“It was very quiet. The night sky was like black velvet spangled with big stars, and, as if it had indeed been a velvet curtain, all sound seemed to be cut off, even the faintest murmuring of the river below my window. In the garden the doves had fallen silent and not even a breath of air stirred the feathery trees. Through the open door I could smell jasmine and roses, and some other strongly scented flowers, and below those exotic scents, as a sort of reminding undertone, the sweetish stagnant smell of the pool.
Mr. Lethman came back at about a quarter to eight, and with him Nasirulla with the supper tray. There was soup, scalding hot in a big thermos jug, and dish of shawarma – mutton flavored with vinegar, lemon, onion and cardamom seeds and grilled on a long spit. With this came a bowl of salad, a dish of pale butter and half a goats’ milk cheese, a pile of unleavened bread and some apples and another bottle of wine. Nasirulla put this down on the low table, said something to Mr. Lethman, and then left us.
I said, “If you call this living simply, count me in.”
from “The Gabriel Hounds”
“You get no writing done at all if you sit at a table with a view. You’d spent the whole time watching the birds or thinking about what you would like to be doing out of doors, instead of flogging yourself to work out of sheer boredom.”
“I threw the blanket off thankfully – it smelled of what I tried charitably to imagine was goat – and began to dress. But when I tried to put on my frock the old woman restrained me.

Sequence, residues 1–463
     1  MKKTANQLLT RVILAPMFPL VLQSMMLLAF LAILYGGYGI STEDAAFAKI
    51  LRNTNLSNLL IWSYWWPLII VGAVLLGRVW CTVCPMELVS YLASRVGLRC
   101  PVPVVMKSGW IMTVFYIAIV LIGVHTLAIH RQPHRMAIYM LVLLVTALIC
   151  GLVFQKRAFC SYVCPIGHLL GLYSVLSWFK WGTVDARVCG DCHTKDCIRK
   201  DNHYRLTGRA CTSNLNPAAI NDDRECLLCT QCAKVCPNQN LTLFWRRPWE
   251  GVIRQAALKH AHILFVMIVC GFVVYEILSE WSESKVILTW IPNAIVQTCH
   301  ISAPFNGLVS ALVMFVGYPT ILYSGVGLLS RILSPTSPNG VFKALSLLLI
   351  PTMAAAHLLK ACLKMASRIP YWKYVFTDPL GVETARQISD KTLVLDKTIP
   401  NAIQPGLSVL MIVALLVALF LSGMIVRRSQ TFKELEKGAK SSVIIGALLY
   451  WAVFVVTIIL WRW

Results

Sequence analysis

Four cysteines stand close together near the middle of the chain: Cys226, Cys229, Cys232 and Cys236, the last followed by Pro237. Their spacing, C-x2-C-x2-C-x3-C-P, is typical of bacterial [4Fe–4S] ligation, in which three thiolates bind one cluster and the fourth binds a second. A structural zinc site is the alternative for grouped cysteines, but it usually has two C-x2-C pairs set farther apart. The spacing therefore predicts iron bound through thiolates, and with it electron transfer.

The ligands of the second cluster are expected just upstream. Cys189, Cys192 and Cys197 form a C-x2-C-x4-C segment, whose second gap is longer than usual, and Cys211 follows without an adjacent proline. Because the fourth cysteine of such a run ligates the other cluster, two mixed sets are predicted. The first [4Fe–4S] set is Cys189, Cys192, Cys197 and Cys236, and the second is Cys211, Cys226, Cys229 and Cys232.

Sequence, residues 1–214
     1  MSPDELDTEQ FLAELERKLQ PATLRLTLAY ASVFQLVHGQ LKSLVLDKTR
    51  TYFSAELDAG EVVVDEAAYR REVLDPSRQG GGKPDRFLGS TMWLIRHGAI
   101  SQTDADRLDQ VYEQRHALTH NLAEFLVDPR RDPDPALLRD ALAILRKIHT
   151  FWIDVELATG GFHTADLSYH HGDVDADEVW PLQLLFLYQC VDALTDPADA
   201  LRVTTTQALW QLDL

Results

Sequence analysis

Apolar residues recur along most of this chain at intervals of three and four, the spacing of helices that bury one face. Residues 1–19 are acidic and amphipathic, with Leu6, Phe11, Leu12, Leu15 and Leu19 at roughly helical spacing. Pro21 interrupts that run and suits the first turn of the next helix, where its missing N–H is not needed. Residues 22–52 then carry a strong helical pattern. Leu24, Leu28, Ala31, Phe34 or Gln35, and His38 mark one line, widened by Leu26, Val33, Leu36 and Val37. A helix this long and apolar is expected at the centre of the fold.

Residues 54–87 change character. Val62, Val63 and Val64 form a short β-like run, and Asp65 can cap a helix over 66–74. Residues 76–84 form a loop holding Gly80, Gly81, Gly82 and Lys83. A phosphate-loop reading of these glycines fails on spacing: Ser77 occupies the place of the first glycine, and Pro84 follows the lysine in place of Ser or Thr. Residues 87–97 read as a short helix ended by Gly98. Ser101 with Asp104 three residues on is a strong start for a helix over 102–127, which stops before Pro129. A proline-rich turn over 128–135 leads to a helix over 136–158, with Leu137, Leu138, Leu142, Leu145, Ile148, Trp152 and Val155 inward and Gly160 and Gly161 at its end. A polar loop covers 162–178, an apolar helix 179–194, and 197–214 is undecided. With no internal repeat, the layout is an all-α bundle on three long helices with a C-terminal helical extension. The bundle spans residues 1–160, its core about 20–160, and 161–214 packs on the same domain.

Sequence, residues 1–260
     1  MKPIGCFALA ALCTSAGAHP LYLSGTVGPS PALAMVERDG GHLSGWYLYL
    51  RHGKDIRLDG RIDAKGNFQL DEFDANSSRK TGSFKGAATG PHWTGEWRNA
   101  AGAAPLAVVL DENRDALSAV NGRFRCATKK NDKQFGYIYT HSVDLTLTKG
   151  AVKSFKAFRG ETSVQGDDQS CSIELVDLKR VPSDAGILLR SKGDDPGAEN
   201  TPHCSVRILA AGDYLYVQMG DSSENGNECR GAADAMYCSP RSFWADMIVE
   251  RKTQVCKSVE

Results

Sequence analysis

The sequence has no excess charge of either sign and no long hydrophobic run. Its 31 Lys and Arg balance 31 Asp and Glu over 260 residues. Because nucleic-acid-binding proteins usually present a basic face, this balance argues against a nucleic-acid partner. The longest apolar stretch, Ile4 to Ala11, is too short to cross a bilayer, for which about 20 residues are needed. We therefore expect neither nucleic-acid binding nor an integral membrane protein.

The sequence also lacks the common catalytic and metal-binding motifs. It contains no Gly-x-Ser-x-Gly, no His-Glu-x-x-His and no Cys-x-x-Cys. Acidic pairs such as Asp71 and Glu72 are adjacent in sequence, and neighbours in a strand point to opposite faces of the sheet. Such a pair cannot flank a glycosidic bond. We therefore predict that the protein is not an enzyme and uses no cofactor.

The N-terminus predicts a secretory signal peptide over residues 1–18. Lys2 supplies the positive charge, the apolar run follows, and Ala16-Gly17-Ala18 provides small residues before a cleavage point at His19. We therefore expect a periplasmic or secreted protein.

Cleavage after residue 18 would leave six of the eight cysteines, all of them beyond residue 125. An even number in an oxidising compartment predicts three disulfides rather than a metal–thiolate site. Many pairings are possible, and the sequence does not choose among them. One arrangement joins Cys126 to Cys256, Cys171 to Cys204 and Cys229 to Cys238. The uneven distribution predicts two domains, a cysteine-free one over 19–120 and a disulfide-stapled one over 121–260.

“No, no, no, this …. it is an honor for me. You are welcome….”
The words couldn’t have been plainer if she had said them in English. “This” was a blouse of white lawn, beautifully embroidered in scarlet and green and gold, and with it a full black skirt, gay with the same colors at the hem – the Corfiote national dress worn for high days and holidays. Either this also had been part of her trousseau as a young bride, or else it was her daughter’s. I put it on. It fitted, too. The skirt was of thick, hand-woven stuff, and there was a warm jacket to go over the blouse. She hovered round me, delighted, stroking and praising, and then called the men in to see.
They were all waiting outside, not three now, but – I counted – sixteen. On an impulse I stooped and kissed the wrinkled cheek of the old woman, and she caught my hand in both of hers. There were tears in her eyes.
“You are welcome,” she said. “English. You are welcome.”
from “This Rough Magic”
“Perhaps loneliness had nothing to do with place or circumstance; perhaps it was in you; yourself. Perhaps, wherever you were, you took your little circle of loneliness with you…”
from “Nine Coaches Waiting”
“Every time your work is read, you die several deaths for every word, and poetry is like being flayed alive.”
from “The Stormy Petrel”